All night long, Lionel Richie was reading the room (ironically, given his hit “All Night Long”). He identified when artists needed to focus, take a break, or have a midnight snack, and most importantly, he recognized when creative differences needed to be overcome. He was the glue of the room. Lionel would spot dynamics and wasn’t uncomfortable addressing them in service of the group. Reading the room is essential but often overlooked for different reasons. 

Personally, when I haven’t managed to read the room well enough, it usually has to do with me pushing the group to get to where I think they should be by a certain point in time. This is me trying to “control” an outcome by sticking to a well-thought-through plan. But very often, things don’t go to plan, and you need to adapt and see what the group needs and is pulling for. My reflection is that it requires a lot of data gathering – constantly scanning the room and processing the data to decide the next best course of (non-)intervention. 

Lionel wasn’t alone in that. Bob Dylan struggled to sing his solo lines several times. This continued until Stevie Wonder impersonated Dylan’s lines. After that, another intervention took place to clear the room and give Dylan space to sing his lines.

Organizational Design Wisdom: People Support What They Helped to Create

Naturally, we don’t want to be left out and just informed afterward. This constant tension feeds into many organizations getting change managers to help “change” people in the organization. It takes a lot of effort because when people are not included in a process, they have questions, concerns, and feel emotionally left out. This was beautifully demonstrated halfway through the documentary when Stevie Wonder was shocked that the song had already been written. This happened even though several attempts were made to include him in the writing process. This happens in org design contexts all the time. Inviting people to a workshop, who then decline the invite, perhaps join halfway through, and realize how much progress has been made without them being involved or consulted.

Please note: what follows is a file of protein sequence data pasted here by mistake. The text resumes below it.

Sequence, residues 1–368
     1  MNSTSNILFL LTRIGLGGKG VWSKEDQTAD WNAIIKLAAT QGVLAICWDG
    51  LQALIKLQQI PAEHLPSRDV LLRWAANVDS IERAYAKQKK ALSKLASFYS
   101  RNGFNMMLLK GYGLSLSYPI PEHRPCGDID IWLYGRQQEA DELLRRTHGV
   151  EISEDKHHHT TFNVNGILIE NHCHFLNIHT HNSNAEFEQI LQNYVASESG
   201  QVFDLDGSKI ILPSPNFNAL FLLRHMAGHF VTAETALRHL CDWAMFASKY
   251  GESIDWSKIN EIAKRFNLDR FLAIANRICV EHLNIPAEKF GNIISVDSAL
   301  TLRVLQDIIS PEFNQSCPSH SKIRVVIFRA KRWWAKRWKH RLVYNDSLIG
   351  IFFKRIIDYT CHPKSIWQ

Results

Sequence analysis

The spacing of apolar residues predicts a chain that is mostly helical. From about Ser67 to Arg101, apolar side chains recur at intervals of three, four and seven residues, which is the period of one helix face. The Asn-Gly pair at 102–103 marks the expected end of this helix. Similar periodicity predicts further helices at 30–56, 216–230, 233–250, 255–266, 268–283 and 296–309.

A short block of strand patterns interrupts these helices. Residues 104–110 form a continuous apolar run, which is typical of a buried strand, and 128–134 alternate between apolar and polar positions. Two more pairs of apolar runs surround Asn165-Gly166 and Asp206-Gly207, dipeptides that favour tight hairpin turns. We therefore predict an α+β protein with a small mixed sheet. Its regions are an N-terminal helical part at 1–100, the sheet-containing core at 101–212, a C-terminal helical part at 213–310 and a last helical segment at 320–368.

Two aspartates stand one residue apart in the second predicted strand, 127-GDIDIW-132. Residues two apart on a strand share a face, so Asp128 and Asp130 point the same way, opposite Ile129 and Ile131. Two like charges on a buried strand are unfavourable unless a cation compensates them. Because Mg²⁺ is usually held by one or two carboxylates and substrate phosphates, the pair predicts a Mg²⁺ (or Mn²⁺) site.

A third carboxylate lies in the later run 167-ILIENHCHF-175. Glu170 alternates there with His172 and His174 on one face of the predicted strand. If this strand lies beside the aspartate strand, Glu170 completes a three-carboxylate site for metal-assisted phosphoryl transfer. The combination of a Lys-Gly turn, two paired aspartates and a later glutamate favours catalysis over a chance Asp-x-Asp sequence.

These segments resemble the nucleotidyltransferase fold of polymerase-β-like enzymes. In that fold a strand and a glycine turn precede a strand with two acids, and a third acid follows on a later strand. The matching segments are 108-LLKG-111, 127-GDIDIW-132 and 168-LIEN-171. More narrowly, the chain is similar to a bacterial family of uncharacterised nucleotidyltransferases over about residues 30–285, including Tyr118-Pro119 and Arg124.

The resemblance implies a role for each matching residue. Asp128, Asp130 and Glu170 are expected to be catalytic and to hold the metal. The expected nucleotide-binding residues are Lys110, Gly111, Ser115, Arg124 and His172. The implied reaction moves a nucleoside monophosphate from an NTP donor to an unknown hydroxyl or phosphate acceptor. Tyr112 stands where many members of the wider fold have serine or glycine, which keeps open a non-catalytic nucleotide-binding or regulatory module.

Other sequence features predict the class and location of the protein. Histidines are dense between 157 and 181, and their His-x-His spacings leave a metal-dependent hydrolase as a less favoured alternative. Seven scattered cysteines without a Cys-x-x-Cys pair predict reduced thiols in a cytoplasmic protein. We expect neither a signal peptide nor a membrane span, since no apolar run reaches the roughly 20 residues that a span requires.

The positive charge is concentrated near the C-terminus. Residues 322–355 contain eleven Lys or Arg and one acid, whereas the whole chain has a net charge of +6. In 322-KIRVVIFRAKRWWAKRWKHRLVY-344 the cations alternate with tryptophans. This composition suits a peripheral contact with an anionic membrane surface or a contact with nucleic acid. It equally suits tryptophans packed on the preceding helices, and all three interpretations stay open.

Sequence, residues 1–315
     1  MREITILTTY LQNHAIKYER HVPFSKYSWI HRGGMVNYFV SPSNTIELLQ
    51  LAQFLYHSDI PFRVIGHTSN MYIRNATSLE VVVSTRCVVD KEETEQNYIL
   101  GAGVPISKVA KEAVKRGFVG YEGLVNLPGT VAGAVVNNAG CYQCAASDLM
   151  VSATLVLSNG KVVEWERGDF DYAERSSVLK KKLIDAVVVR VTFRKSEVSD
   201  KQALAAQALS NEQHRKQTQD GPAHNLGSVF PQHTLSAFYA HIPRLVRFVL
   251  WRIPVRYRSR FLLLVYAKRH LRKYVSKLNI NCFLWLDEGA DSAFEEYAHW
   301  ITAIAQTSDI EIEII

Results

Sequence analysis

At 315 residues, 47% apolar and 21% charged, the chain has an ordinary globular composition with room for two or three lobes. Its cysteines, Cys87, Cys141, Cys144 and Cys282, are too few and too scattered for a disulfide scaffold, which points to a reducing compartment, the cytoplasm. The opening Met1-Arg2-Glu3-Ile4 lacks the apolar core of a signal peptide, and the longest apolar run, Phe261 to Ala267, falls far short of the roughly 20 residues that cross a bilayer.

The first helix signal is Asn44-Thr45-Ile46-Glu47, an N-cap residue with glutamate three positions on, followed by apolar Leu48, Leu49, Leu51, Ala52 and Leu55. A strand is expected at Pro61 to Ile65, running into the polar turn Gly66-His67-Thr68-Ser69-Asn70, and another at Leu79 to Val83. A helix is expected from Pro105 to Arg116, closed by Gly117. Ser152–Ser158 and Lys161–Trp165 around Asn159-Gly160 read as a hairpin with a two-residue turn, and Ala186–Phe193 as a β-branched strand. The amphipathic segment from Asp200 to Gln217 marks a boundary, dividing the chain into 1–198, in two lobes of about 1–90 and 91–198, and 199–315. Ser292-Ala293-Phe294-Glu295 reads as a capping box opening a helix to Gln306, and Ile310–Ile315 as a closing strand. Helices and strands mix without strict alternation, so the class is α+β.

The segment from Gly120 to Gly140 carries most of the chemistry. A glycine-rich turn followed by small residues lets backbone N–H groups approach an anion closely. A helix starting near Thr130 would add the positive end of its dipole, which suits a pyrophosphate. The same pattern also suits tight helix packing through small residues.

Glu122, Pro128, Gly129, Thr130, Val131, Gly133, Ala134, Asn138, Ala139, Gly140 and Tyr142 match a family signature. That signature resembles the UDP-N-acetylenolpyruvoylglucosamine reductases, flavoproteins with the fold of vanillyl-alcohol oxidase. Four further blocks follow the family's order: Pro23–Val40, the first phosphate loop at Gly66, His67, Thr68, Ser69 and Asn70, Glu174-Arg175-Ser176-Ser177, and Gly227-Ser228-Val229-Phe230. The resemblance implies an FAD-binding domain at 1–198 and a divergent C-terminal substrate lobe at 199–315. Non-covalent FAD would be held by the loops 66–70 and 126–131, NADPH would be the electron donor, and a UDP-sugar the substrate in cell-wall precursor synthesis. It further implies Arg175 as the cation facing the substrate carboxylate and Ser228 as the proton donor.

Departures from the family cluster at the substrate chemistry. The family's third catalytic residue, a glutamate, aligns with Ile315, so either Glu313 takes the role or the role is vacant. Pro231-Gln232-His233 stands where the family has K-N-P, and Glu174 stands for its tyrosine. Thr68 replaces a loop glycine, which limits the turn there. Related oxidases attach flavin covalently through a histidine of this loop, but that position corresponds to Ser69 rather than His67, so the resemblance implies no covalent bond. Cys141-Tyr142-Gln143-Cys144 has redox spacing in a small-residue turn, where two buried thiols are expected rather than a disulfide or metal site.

Another example was Waylon Jennings not agreeing with a suggestion to sing some lines in Swahili. Jennings immediately dropped out and left the studio. Given some patience and trust in the group process, Jennings would have found out that not long after he left, the group corrected itself as they realized that no one speaks Swahili in that part of Africa the song was made for in the first place. This dynamic happens a lot in organizational design processes, where design team members cannot reconcile their views with what the group wants to design. Often, the design process is iterative, and the first prototype is not set in stone. 

Regardless of how dominant someone is in the room, eventually, the group will likely support what benefits the wider purpose. The process to get there might be messy, with different perspectives and suggestions. Eventually, the outcome will have gone through different checks and balances – with commitment because people support what they helped to create (more on this, check out this podcast episode). 

In conclusion, the documentary is a humbling and beautiful event to watch, with hidden gem lessons for organizational design and beyond. Whether we’re in a boardroom, a conference room for a workshop, or a recording studio: we’re only human. Check your ego at the door.

Reach out to us to get started!